FIG. 5 illustrates T/R module 80 transmitting on CH1. Repeater 78 and T/R module 74 pick up this signal, and repeater 78 retransmits it on CH2. Repeater 68 is in range to receive the retransmitted signal, but under these rules, performs no further retransmission. T/R module 62 is thus the only module that receives the retransmitted signal. Under these rules and this configuration, two-way communications can occur between T/R module 62 and any of the other T/R modules. But certain combinations of T/R modules, like those that cannot communicate in FIG. 5, cannot communicate. If this is unacceptable, other embodiments are available to handle this situation.
FIGS. 6 and 7 assume that three substantially non-interfering channels, CH1, CH2, and CH3, are available. Repeaters 68 and 78 can receive signals on both CH1 and CH2, and have the capability to retransmit a signal received on CH1 on CH2, and a signal received on CH2 on CH3. In some embodiments, the repeaters are set to one of these two repeating modes beforehand. In other embodiments, the repeaters can measure signal strength and decide for each signal, whether to repeat the CH1 signal on CH2, or to repeat a CH2 retransmission on CH3. Other possibilities include sensing the source and/or destination of the signal and performing an appropriate repetition. The receiving T/R modules can select either a CH2 signal or a CH3 signal for demodulation, and in some embodiments this selection is expanded to include a CH1 signal.
In FIG. 6, T/R module 62 transmits on CH1. Repeater 68 retransmits T/R module 62's signal on CH2 to the other TR modules in its range. In addition to reaching three T/R modules, the CH2 signal reaches repeater 78, and is a better signal than the more distant signal received from CH1. Repeater 78 thus repeats the CH2 signal on CH3.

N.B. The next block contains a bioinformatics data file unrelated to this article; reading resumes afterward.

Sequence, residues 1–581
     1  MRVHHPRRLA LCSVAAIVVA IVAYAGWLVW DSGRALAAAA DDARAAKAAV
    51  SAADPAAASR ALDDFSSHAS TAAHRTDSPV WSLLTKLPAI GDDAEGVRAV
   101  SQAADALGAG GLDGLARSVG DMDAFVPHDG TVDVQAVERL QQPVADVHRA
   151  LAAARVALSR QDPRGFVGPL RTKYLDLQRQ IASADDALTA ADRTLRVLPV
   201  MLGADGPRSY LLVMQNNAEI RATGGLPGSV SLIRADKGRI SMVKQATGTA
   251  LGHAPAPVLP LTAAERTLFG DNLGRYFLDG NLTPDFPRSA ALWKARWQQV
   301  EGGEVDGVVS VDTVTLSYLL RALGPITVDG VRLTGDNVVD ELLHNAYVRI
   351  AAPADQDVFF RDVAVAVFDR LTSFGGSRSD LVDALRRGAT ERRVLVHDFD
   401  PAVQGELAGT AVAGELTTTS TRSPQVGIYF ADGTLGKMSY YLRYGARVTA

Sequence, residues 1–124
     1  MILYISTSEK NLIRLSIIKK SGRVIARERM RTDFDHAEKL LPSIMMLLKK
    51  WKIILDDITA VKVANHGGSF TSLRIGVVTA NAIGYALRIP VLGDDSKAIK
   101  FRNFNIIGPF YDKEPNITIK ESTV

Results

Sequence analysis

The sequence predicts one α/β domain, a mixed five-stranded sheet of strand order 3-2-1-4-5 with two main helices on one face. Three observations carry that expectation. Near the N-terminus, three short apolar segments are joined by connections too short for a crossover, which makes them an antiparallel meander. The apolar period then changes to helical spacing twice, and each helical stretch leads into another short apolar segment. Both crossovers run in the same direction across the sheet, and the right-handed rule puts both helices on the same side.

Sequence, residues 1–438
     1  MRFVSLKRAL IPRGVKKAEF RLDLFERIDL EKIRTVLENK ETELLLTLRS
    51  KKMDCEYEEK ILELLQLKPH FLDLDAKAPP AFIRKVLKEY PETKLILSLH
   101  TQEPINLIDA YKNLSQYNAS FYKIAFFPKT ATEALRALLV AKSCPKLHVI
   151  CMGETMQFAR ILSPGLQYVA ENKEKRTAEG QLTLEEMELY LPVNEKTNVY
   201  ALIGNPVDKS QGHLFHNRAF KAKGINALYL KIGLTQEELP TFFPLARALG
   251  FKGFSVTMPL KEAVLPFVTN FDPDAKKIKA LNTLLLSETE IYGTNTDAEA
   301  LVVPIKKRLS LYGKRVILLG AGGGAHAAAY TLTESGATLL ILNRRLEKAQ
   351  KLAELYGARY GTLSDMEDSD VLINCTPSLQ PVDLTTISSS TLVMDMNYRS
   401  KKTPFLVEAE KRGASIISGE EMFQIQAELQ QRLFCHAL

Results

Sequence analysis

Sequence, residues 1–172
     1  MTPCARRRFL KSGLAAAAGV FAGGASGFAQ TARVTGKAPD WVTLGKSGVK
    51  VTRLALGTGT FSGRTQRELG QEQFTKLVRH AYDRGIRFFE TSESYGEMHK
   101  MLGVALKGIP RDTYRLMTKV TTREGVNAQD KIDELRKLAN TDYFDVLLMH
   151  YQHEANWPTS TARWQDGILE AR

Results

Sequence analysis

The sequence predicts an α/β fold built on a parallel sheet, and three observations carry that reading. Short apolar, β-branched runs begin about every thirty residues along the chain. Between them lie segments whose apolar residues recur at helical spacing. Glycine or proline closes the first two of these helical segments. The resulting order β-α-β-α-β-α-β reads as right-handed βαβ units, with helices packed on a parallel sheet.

FIG. 7 illustrates T/R module 80 transmitting on CH1. Repeater 78 and T/R module 74 pick up this signal, and repeater 78 retransmits it on CH2. Repeater 68 is in range to receive the retransmitted signal, and retransmits this signal on CH3. T/R module 62 is the only module that receives the retransmitted signal CH2. Under these rules and this configuration, two-way communications can occur between any of the T/R modules. Those of ordinary skill will appreciate that for a larger physical network, more channel-shifting repeaters and channels can be used to provide similar connectivity.
In some networks, it may be desirable to have a repeater “re-use” a channel, e.g., CH1, if that repeater does not overlap coverage areas with the original user of CH1 and its recipients. Because re-use may create feedback, this method of operation should be carefully deployed, preferably with “smart” repeaters that can communicate with the base station to test for feedback during configuration. Other similar rules to those disclosed are also possible, e.g., T/R modules may transmit on the same channel that they receive on. For instance, each repeater may be set up with one channel that will be used for communications with T/R modules served by that repeater, and another channel that will be used to link that repeater with the remainder of the network.
FIG. 8 illustrates a further element of the invention that allows signal energy to be concentrated in the network and minimized outside of the network. Each T/R module and repeater can be fitted with an antenna having a beam pattern appropriate for its physical location in a building. Those units located near an exterior wall (e.g., T/R modules 90 and repeater 92) are fitted with a half-sector antenna. If the unit is near a corner of the desired coverage area (e.g., T/R module 98), a quadrant antenna can be fitted. For those units located in the interior of the building (e.g., T/R module 96 and repeater 94), an omni-directional or elliptical pattern antenna can be used. Preferably, the T/R modules and repeaters have a modular antenna attachment port, allowing a user to attach an antenna appropriate for the device's location.